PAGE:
Aflatoxins are mycotoxins produced by Aspergillus flavus and A. parasiticus. The aflatoxin group is comprised of aflatoxin B1 (AFB1), B2, G1 and G2. In addition, aflatoxin M1 (AFM1), a hydroxylated metabolite of AFB1, is excreted in the milk of dairy cows consuming an AFB1-contaminated ration. AFB1 has shown extreme acute and chronic toxicity and carcinogenic activity in animals; the acute toxicity of AFM1 is nearly equal to that of AFB1, but its potential carcinogenic hazard is about one order of magnitude less than that of AFB1. The International Agency for Research on Cancer classified AFB1 as a human carcinogen (group 1) and AFM1 as a possible carcinogen (group 2A). Recently, the possibility of a synergistic carcinogenic interaction between HBV chronic infection and dietary exposure to AFB1 arose from the observation of their co-existence in countries with high incidences of HCC and was confirmed by further experimental and epidemiological studies. However, the carcinogenic potency of AFB1 is considered much lower in populations where chronic hepatitis infections are rare. For the first time in 2003, significant problems arose in Italy, due to the aflatoxin contamination of maize. The summer was extremely hot and dry and A. flavus is very competitive under these conditions as the plants are stressed. Maize grain is normally utilized in the food supply for dairy cows and as such led to the severe and widespread contamination of milk with AFM1. In the following years (2004-2006), different climatic conditions as well as better compliance with guidelines by farmers, led to a dramatic reduction of the problem.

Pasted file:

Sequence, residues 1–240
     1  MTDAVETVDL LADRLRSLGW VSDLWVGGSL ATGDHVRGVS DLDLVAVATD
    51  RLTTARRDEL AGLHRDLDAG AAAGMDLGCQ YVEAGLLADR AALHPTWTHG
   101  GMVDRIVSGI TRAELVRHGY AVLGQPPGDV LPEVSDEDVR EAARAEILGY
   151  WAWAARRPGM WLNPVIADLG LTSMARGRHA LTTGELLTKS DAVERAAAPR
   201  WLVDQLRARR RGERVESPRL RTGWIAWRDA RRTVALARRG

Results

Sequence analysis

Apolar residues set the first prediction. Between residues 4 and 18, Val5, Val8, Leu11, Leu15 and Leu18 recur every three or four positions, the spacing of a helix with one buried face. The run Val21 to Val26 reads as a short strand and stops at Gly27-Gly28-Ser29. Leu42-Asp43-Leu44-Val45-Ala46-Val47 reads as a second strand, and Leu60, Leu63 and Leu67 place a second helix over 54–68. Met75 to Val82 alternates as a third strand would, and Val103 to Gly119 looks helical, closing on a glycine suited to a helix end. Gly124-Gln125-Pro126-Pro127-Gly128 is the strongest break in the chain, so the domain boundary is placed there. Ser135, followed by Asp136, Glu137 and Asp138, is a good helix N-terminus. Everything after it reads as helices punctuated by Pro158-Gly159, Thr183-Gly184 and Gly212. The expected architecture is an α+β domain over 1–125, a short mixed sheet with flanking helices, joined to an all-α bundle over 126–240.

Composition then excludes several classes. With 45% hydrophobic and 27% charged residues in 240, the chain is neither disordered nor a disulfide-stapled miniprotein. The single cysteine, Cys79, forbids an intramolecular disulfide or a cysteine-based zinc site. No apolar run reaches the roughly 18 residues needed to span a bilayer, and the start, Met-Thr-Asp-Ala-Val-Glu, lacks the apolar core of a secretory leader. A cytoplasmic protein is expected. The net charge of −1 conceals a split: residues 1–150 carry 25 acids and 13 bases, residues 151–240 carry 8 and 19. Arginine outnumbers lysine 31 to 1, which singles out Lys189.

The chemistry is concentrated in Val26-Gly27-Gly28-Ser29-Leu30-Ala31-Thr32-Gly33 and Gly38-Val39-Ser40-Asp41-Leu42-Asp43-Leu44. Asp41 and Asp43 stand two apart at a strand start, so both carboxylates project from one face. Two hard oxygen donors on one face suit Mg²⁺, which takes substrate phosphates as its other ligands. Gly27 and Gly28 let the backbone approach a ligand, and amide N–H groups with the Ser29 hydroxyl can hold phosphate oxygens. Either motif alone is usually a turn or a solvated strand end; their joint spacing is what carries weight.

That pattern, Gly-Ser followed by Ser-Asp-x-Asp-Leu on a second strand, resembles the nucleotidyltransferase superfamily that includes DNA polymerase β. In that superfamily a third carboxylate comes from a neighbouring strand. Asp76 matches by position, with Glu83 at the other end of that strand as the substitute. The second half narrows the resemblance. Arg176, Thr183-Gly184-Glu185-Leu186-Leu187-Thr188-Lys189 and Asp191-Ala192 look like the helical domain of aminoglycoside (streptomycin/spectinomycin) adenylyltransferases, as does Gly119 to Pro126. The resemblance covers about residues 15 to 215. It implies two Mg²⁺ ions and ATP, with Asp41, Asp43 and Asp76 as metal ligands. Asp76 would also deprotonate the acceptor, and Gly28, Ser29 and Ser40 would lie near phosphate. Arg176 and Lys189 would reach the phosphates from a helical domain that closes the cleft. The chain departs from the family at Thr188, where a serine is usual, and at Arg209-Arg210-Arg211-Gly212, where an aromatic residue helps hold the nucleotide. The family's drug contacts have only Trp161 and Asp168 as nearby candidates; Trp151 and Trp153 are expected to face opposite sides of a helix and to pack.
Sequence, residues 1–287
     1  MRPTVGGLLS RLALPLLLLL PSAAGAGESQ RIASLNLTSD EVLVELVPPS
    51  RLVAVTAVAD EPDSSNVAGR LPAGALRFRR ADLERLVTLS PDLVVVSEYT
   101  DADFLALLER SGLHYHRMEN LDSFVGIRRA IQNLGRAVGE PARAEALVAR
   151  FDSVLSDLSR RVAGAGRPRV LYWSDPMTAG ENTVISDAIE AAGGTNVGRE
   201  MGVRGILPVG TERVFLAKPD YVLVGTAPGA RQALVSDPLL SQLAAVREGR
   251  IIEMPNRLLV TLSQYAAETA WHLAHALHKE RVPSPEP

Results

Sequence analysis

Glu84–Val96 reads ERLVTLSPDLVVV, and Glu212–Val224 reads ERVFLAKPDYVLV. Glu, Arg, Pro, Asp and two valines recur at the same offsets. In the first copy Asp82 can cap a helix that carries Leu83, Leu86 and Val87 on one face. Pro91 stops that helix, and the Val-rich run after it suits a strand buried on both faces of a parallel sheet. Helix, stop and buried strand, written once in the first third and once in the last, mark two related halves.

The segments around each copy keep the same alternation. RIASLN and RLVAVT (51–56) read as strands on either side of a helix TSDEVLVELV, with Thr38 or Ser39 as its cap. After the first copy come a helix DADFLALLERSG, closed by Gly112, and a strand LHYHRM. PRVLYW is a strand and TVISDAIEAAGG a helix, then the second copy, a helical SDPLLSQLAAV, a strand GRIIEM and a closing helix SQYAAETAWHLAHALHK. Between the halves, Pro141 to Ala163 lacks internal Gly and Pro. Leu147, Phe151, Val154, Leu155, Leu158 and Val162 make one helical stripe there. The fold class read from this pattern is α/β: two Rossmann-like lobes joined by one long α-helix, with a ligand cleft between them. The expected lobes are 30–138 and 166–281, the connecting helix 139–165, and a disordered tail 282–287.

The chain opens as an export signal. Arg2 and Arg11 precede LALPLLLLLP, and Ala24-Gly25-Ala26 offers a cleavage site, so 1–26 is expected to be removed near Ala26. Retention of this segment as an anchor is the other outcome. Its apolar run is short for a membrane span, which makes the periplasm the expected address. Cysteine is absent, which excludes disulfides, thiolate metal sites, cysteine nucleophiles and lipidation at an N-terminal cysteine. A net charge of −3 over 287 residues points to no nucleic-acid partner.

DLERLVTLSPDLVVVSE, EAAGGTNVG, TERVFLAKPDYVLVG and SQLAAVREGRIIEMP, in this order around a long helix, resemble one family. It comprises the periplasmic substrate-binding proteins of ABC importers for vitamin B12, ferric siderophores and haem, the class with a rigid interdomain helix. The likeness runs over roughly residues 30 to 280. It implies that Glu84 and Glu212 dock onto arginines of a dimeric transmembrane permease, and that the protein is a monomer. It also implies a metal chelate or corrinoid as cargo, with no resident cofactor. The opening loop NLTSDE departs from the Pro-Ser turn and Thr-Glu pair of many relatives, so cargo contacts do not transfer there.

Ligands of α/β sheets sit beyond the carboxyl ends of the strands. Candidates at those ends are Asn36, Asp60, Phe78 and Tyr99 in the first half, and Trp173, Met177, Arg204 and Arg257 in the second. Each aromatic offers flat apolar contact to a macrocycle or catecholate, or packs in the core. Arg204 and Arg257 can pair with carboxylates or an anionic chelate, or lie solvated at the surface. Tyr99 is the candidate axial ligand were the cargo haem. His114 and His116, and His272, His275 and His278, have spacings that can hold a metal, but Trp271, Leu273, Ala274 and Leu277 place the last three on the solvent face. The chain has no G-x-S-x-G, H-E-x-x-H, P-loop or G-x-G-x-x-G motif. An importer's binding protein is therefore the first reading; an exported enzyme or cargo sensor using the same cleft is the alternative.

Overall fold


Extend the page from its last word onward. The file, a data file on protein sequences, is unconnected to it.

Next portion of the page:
Aflatoxins; production; toxicity; diffusion; legislation